Accessibility View Close toolbar

High Order Aberrations

man with drooped right eye

In an ideal world, everyone would have perfectly-shaped eyes. The reality, however, is that practically every eye has some form of aberration somewhere in it. These aberrations may or may not cause vision problems, but don't be too surprised if your eye doctor informs you that you are having difficulties due to some such imperfection. In addition to relatively straightforward vision problems such as nearsightedness and farsightedness, it is also possible to suffer higher order aberrations that distort images in a much more complex manner.

What Is an Aberration?

Any deviation from normal refraction of incoming light waves can be considered an aberration, even if that aberration is so minor that it causes no vision problems whatsoever. Any change in the shape, consistency, or functionality of any part of the eye can distort the way light is focused and turned into images by the eye. Nearsightedness and farsightedness involve a simple distortion of the eyeball's shape, while astigmatism usually involves a fairly simple distortion of the cornea. These conditions are thus easy to diagnose and correct.

Causes

Higher order aberrations can be caused by a number of factors. The thickened proteins that create cataracts, for instance, can interfere with proper refraction, as can a lack of tear film in people with chronically dry eyes. Corneal scarring from disease or injury, and irregularities in the lens or vitreous humor (the gelatinous substance inside the eye), can also cause higher order aberrations. These little imperfections in the eye can bend and shift the waveforms of incoming light in all sorts of ways. Eye doctors have learned to recognize these different types of distortion, assigning them such names as trefoil, quadrafoil, coma, defocus, and spherical aberration.

Treatment

Treatment for a higher order aberration involves either correcting the underlying cause, or compensating for the resulting vision problem. If your higher order aberration is the result of cataracts or dry eyes, for instance, your eye care professional can recommend treatments for these disorders that to dramatically improve your vision. The fitting of intraocular lens can resolve not only cataracts but other lens disorders as well.

If your eye's vitreous humor is contributing to the problem, vitrectomy or other procedures can address that issue. You may find that prescription eyewear or refractive laser surgeries such as LASIK can correct your vision adequately. Talk to your eye care professional about which treatments can help your higher order aberrations.

Contact Us

We look forward to hearing from you.

No form settings found. Please configure it.

Office Hours

Monday:

8:00am

5:00pm

Tuesday:

8:00am

5:00pm

Wednesday:

8:00am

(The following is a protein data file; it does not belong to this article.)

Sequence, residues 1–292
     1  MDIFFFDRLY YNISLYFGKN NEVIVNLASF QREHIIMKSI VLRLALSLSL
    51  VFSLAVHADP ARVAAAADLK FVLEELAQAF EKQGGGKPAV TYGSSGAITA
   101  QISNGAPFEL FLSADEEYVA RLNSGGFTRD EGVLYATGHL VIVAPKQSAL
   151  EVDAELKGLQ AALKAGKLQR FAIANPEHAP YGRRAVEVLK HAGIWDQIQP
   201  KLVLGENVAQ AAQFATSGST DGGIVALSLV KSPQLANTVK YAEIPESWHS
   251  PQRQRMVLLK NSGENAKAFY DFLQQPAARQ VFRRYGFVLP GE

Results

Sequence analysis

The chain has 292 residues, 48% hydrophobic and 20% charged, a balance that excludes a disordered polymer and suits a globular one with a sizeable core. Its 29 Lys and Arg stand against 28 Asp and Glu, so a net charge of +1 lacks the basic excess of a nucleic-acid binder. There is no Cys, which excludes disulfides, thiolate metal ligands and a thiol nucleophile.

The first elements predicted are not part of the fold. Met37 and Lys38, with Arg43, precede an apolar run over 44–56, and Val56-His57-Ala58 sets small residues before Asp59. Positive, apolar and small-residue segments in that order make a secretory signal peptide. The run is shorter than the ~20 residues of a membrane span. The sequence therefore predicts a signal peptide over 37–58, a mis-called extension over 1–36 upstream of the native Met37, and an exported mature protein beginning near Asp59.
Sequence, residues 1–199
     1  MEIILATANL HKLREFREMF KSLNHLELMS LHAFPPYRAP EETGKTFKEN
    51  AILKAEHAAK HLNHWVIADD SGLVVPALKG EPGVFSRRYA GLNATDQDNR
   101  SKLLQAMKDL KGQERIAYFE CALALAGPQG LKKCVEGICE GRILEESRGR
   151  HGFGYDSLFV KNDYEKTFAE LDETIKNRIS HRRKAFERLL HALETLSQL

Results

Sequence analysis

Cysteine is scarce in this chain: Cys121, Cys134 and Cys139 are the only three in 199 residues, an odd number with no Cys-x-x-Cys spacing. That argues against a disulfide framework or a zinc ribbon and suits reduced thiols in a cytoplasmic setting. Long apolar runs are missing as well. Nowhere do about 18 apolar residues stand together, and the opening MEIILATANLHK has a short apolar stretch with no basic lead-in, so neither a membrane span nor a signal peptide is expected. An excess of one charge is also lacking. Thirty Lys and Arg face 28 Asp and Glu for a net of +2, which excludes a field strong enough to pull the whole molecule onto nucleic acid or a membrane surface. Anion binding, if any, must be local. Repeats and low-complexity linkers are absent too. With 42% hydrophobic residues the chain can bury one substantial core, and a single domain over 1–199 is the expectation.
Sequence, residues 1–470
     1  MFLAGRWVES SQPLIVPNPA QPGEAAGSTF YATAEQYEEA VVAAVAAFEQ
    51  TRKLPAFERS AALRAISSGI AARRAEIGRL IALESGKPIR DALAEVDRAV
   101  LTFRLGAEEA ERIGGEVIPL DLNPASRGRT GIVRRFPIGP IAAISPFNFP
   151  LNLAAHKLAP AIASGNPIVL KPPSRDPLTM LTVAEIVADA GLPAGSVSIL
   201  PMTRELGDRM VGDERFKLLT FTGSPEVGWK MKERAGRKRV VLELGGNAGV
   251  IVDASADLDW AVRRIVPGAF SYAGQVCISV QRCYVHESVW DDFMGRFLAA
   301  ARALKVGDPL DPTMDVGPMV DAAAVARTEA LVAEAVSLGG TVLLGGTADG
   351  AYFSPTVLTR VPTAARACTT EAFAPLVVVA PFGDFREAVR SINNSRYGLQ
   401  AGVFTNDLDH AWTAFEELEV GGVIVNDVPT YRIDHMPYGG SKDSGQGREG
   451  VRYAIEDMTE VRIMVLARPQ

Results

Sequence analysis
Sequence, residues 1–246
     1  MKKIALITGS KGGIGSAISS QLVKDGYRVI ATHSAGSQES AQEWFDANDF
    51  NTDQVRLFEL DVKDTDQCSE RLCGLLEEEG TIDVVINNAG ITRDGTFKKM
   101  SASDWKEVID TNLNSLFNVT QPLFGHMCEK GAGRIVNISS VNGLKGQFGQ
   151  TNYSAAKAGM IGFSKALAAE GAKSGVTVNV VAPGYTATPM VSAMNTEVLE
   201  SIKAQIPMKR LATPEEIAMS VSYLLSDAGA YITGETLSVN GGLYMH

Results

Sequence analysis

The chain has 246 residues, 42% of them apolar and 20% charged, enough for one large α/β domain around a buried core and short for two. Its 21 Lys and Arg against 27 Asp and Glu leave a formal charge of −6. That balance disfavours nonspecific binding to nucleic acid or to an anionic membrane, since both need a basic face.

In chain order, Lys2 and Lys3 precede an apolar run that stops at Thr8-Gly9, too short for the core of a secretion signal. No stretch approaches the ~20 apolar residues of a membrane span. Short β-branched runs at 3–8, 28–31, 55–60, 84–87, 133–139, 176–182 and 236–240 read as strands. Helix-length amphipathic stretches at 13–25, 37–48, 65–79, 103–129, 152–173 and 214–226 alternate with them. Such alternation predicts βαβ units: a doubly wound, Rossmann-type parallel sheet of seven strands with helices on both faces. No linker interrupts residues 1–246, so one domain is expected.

3:00pm

Thursday:

Closed

Closed

Friday:

8:00am

3:00pm

Saturday:

8:00am 1st and 3rd Saturday Only

12:00pm

Sunday:

Closed

Closed

Location

Find us on the map

Testimonial

Reviews From Our Satisfied Patients

  • "Testimonials coming soon..."

Featured Articles

Read up on informative topics

  • Does Outside Playtime Improve Children's Eyesight?

    Have you ever wondered why some people become nearsighted? Lack of time in the sun may be to blame. ...

    Read More
  • What Happens When You Don't Wear Sunglasses?

    Have you lost your sunglasses again? Failing to wear the glasses consistently may lead to several eye conditions. ...

    Read More
  • Curbing Macular Degeneration

    Macular degeneration represents one of the most significant causes of vision loss in older adults. According to the Centers for Disease Control and Prevention, an estimated 1.8 million people currently suffer from macular degeneration, with an additional 7.3 million people at risk of developing this ...

    Read More
  • Premature Babies and Vision Problems

    Prematurity can cause a range of vision problems. Fortunately, optometrists offer a range of treatments and devices that can improve your child's ability to see. ...

    Read More
  • What Do Your Eyes Say About Your Health?

    Subtle changes in your eyes may be the first signs of a health problem. ...

    Read More
  • Makeup Tips for Sensitive Eyes

    Does your cosmetics make your eyes water and burn? Try these makeup tips for sensitive eyes. ...

    Read More
  • How to Clean Your Eyeglasses

    Do you know how to clean your eyeglasses correctly? Take a look a few tips that will keep your specs cleaner. ...

    Read More
  • All About Amblyopia

    Amblyopia, also known as lazy eye, is a visual disorder caused by abnormal vision development, often occurring during infancy. Patients with amblyopia have reduced vision in one eye, because it is not working properly in conjunction with the brain. With early detection and proper treatment, loss of ...

    Read More
  • All About Glaucoma

    Glaucoma is a serious disorder that can damage the optic nerves of your eyes if left untreated. The optic nerve carries images from your eyes to your brain. If the nerve is damaged, full or partial vision loss can occur. In some cases, people develop glaucoma because the pressure in their eyes begins ...

    Read More
  • Binocular Vision: Disorders and Treatment

    For many, the term binocular vision conjures images of super powers or the rare ability to spot objects far away, but having binocular vision simply means having two eyes with which to see. Binocular vision does lend creatures with two eyes advantages over those with only one, such as enhanced vision, ...

    Read More

Newsletter Sign Up

No form settings found. Please configure it.